Creating Its Own TV Network Would Be a Big Mistake for the ACC

Michael Felder@InTheBleachersNational CFB Lead WriterJanuary 16, 2013

JACKSONVILLE, FL - DECEMBER 1: ACC Commissioner John Swofford and coach Frank Beamer of the Virginia Tech Hokies meet after play against the Boston College Eagles in the ACC Championship Game at Jacksonville Municipal Stadium on December 1, 2007 in Jacksonville, Florida.  The Hokies won the title 30 - 16.  (Photo by Al Messerschmidt/Getty Images)
Al Messerschmidt/Getty Images

If the SEC is the king of the south, then the ACC is its little brother. Little brothers often follow in the footsteps of their older sibling, and in the case of the SEC's pending network, that appears to be the case. Still, as the SEC Network draws closer to a reality, the ACC should really push away from the "own network" table.

The Sports Business Journal reported on Monday that the ACC was conducting a feasibility study to determine the viability of an all-ACC, all-the-time cable channel. Obviously, the conference network has become a big moneymaker in recent years. The Big Ten is raking in money hand over fist thanks to their ever-growing network. The Pac-12 pulled up into the ranks of the cash elite with the advent of their own network.

Now, the SEC is closing in on a deal for their own cable space, and it looks like the ACC is interested in doing the same. The funny thing about feasibility studies is that they tend to come back recommending exactly what the folks in charge want to hear. In this case, if the ACC is hellbent on creating their own network, they will move in that direction.

On one hand, there is plenty to sell. ACC basketball, Notre Dame's non-football sports. The best lacrosse conference in the nation. ACC baseball. There is content to be had. There are also markets to acquire, as Charlotte, Raleigh, DC, Pittsburgh, Miami and Tampa are very much on the table.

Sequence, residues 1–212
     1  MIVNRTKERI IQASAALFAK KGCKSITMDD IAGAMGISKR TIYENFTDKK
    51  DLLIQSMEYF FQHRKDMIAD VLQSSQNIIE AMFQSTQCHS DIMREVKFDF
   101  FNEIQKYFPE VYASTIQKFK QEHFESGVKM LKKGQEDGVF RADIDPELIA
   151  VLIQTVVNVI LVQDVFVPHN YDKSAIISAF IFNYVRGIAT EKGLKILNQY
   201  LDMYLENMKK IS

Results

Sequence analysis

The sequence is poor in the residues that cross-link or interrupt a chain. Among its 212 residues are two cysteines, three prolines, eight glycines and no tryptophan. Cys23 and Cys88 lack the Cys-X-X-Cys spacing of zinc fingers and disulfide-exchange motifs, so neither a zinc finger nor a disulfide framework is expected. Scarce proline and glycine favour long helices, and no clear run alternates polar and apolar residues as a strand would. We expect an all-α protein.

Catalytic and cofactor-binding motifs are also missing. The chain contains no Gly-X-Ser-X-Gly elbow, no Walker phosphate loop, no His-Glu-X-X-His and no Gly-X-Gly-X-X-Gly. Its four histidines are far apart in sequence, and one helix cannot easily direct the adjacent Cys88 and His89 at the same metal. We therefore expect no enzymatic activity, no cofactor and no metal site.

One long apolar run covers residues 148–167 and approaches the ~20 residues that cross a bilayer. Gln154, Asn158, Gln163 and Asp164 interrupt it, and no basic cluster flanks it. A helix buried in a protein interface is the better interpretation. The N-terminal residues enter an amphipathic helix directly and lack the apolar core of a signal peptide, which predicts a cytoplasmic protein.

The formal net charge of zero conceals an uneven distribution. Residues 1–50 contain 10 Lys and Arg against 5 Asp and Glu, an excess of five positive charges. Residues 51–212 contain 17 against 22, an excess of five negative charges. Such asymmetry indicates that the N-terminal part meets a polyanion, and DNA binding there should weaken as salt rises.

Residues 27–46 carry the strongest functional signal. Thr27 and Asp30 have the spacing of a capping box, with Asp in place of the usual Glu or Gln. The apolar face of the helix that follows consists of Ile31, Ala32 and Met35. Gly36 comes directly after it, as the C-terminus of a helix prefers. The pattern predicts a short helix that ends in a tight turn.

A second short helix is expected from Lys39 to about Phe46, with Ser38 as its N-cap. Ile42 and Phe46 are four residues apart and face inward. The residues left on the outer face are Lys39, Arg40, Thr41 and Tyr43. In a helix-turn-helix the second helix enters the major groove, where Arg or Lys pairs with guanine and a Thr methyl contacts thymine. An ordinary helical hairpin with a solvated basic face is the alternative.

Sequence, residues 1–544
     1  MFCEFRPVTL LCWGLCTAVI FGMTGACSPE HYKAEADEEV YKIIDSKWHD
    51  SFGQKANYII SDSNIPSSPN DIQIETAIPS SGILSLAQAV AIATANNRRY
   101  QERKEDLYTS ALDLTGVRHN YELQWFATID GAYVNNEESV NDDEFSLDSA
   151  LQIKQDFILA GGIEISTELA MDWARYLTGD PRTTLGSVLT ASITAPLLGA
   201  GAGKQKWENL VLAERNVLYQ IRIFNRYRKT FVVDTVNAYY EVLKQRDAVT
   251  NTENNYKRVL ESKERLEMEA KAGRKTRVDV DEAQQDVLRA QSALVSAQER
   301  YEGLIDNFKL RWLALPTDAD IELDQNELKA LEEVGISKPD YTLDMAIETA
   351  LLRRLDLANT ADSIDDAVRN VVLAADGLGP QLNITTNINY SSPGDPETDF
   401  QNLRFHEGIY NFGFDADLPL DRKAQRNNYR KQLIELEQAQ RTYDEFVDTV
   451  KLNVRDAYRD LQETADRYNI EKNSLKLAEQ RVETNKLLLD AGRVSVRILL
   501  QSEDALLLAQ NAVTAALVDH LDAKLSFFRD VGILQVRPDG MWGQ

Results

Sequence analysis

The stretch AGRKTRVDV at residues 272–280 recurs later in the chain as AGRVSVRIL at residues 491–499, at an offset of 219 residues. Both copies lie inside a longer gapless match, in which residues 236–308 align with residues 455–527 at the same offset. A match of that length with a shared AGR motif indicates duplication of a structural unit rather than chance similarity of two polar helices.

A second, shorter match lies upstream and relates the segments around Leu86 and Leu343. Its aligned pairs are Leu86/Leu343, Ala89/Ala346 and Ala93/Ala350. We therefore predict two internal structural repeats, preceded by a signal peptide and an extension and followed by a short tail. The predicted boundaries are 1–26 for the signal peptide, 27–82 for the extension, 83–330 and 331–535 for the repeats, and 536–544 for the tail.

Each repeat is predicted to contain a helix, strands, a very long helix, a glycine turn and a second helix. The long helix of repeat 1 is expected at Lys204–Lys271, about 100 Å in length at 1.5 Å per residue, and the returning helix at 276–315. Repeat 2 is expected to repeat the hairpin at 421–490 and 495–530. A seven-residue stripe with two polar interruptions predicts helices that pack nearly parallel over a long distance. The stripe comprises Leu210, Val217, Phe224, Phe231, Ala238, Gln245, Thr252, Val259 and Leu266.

It all sounds well and good—there certainly appears to be moneymaking potential. However, the ACC would also be jumping aboard a ship that is slowly sinking. In other words, the league would be hopping onto a revenue model that is approaching its maximum capacity and hoping to squeeze the last cent out of it before it bursts.

Right now, networks are making money because of the way they force cable service providers to carry their product due to customer demand. We're currently seeing the push back from DirecTV with the Pac-12 Network. We are about to watch the Big Ten Network try to bully their way into DC, Baltimore and New York City.

The days of cable service providers taking it on the chin, and cable customers paying escalating fees for channels they don't want, are numbered. We are on the cusp of a slow, painful restructuring of the television model.

Currently, cramming, packaging and forcing customers to purchase your network unwillingly is the model for success. However, as television consumption changes from a platform and provider standpoint, these networks face tumultuous waters.

People consume sports through their tablets, their Internet televisions, their video-gaming systems and via their smartphones. Folks are pushing away from the cable buffet to consume online-only content like Hulu and Netflix. Sports are the lifeblood of live television, and as the future becomes the present, the ability to watch sports outside of the traditional cable model is going to be key to capitalizing on consumers.

The future is where the ACC, and John Swofford, have to focus their efforts—not in trying to hitch their wagon to a slowly expiring horse. Folks like Intel, as Forbes reported earlier this month, are pushing to wade deeper into the a la carte world of service providing.

With AppleTV and GoogleTV both already testing the waters, the future of the television frontier is quickly approaching. Working to get in on that ground floor, and working with ESPN to make sure it is possible, should be job one.